Folks might forget that Tennessee kids can hurt bad, too. When you're the Orange Crush, you win most of the time, so you're the "bad guys" and the bullies. Everyone but your own is always rooting against you. You never get to be the spunky underdog. Never.
Nope, not even when you're the No. 2 seed going against the No. 1 in a regional final that both teams probably feel should not have happened.
But it did, and Tennessee seniors Shanna Zolman and Tye'sha Fluker ended their careers without a title.
Instead, Ivory Latta and the rest of the North Carolina Tar Heels will go to Boston, where they'll meet a very familiar foe: Maryland. It's the rematch of the Atlantic Coast Conference tournament title game, won by the Tar Heels. But Maryland is also the only team that defeated North Carolina this season.
For us outsiders, North Carolina's victory Tuesday night in the Cleveland Regional final went as expected only in terms of seeding. At least, that's how I felt. Tennessee carried all of the winning history into this game, having a 12-1 record against the Tar Heels and winning both previous NCAA Tournament matchups.
Of course, that all might have meant something for us prognosticators, but it did not mean squat to the current Tar Heels. What do any of them know or remember about 1998, when North Carolina had a double-digit lead on Tennessee in the Elite Eight, but lost it all in a 76-70 defeat?
For today's Tar Heels, you might as well be talking about the days of black-and-white television and rotary telephones and record players. They came into this game having lost just once this year, and feeling very much like they had already survived (vs. Purdue) the only scare they planned on having on the road to the Final Four.
And, indeed, even when things got perilously tight in the second half, what did North Carolina's Latta do? Just dribbled right down to the end of the shot clock and nailed an NBA-range 3-pointer.
There would be no repeat of 1998 for North Carolina. And, just the same, no repeat of that glorious comeback for Tennessee, the "scariest" of the team's 39 wins that year.
Weird how all of this history stuff works out, isn't it? After Tennessee finished the perfect season and won its third consecutive national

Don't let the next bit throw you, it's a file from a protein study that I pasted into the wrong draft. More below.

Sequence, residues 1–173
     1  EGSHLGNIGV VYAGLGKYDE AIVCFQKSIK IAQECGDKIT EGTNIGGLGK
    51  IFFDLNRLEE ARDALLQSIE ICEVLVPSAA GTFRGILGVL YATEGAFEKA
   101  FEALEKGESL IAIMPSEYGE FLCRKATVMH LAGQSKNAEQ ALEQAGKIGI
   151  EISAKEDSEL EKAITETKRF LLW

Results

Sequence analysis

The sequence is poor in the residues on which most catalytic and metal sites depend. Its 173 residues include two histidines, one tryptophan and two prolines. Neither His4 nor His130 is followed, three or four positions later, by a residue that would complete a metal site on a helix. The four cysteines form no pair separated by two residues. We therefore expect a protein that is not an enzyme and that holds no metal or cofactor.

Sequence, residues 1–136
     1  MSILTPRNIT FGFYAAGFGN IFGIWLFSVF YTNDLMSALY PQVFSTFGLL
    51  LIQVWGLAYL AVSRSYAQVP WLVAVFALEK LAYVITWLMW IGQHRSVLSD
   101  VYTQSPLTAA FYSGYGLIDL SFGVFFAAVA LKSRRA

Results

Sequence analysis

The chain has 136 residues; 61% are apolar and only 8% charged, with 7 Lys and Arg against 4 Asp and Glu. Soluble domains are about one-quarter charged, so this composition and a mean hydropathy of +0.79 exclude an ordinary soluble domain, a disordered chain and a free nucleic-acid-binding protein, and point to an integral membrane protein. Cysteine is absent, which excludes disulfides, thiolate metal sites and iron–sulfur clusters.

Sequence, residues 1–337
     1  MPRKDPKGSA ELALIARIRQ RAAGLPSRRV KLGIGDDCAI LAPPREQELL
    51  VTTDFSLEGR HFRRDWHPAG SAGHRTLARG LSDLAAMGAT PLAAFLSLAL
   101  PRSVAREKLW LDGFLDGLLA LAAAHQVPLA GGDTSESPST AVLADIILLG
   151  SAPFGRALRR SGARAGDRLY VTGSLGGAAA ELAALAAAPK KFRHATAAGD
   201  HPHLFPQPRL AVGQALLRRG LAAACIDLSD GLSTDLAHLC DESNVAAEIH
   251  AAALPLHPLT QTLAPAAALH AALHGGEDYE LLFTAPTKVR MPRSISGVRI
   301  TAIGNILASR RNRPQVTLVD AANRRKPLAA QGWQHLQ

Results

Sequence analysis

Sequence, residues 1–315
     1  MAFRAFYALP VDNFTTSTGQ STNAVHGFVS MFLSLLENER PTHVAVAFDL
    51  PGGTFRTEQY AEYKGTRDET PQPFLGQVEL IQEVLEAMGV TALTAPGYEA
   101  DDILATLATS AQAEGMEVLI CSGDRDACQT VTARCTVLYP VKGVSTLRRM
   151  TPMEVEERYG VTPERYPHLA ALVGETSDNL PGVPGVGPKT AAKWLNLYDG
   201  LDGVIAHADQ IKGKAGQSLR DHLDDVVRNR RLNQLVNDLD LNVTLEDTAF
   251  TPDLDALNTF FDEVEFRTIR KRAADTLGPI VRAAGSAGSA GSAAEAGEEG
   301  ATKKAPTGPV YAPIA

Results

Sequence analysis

championship at Kansas City's Kemper Arena, the big question was just how long this Tennessee dynasty would continue chugging onward. Who was ever going to beat these guys?
Well, it turned out that Duke did, in 1999, on what had to be the worst shooting night in Tennessee star Chamique Holdsclaw's life. That Elite Eight loss seemed sad for Tennessee from a historical perspective -- no four-in-row glory for one of the game's all-time greatest -- but even so, nobody then could have ever guessed seven more years would pass and Tennessee still would not have won another title.
Some injuries, bad luck (relatively speaking, when you're Tennessee) and a whole lot of Connecticut are the biggest things that have gotten in the way of coach Pat Summitt and her seventh national title.
Tuesday, though, it was North Carolina's team speed, quickness and (could it really be?) the fact that the Heels showed greater composure than Tennessee. Even the biggest Carolina fan would not, over the years, have used "composed" to describe just about any season's Tar Heels team.
Yet, you can say that about this group. Latta led the way with 20 points and nine assists. La'Tangela Atkinson had a double-double, 10 points and 10 rebounds. Camille Little added 17 points. The 12-point edge the Tar Heels had at halftime stayed that way.
As for whether Tennessee and North Carolina "should" have been meeting well, we've all complained about that. But one could also argue that it isn't like the other three Final Four teams -- LSU, Duke and Maryland -- would have been easy for Tennessee to beat, either. This is a pretty impressive Final Four.
Still back in the fall, were you to walk into a Tennessee practice, you would have wondered who in the world could beat this team. That's what I thought when I went to see practice one afternoon.
But Sa'de Wiley-Gatewood left. Alexis Hornbuckle got hurt. Candace Parker was absolutely splendid as a freshman, and other players did contribute a lot. Plenty of Tennessee kids had contributions at key times. But, ultimately, it wasn't enough.
So Zolman and Fluker finish with three Final Four trips, one Elite Eight but no title. Those are still some darn fine careers. But you know it's not enough if you're a Tennessee kid.
And it hurts just as much for them as anyone else.
Mechelle Voepel of The Kansas City Star is a regular contributor to ESPN.com. She can be reached at firstname.lastname@example.org.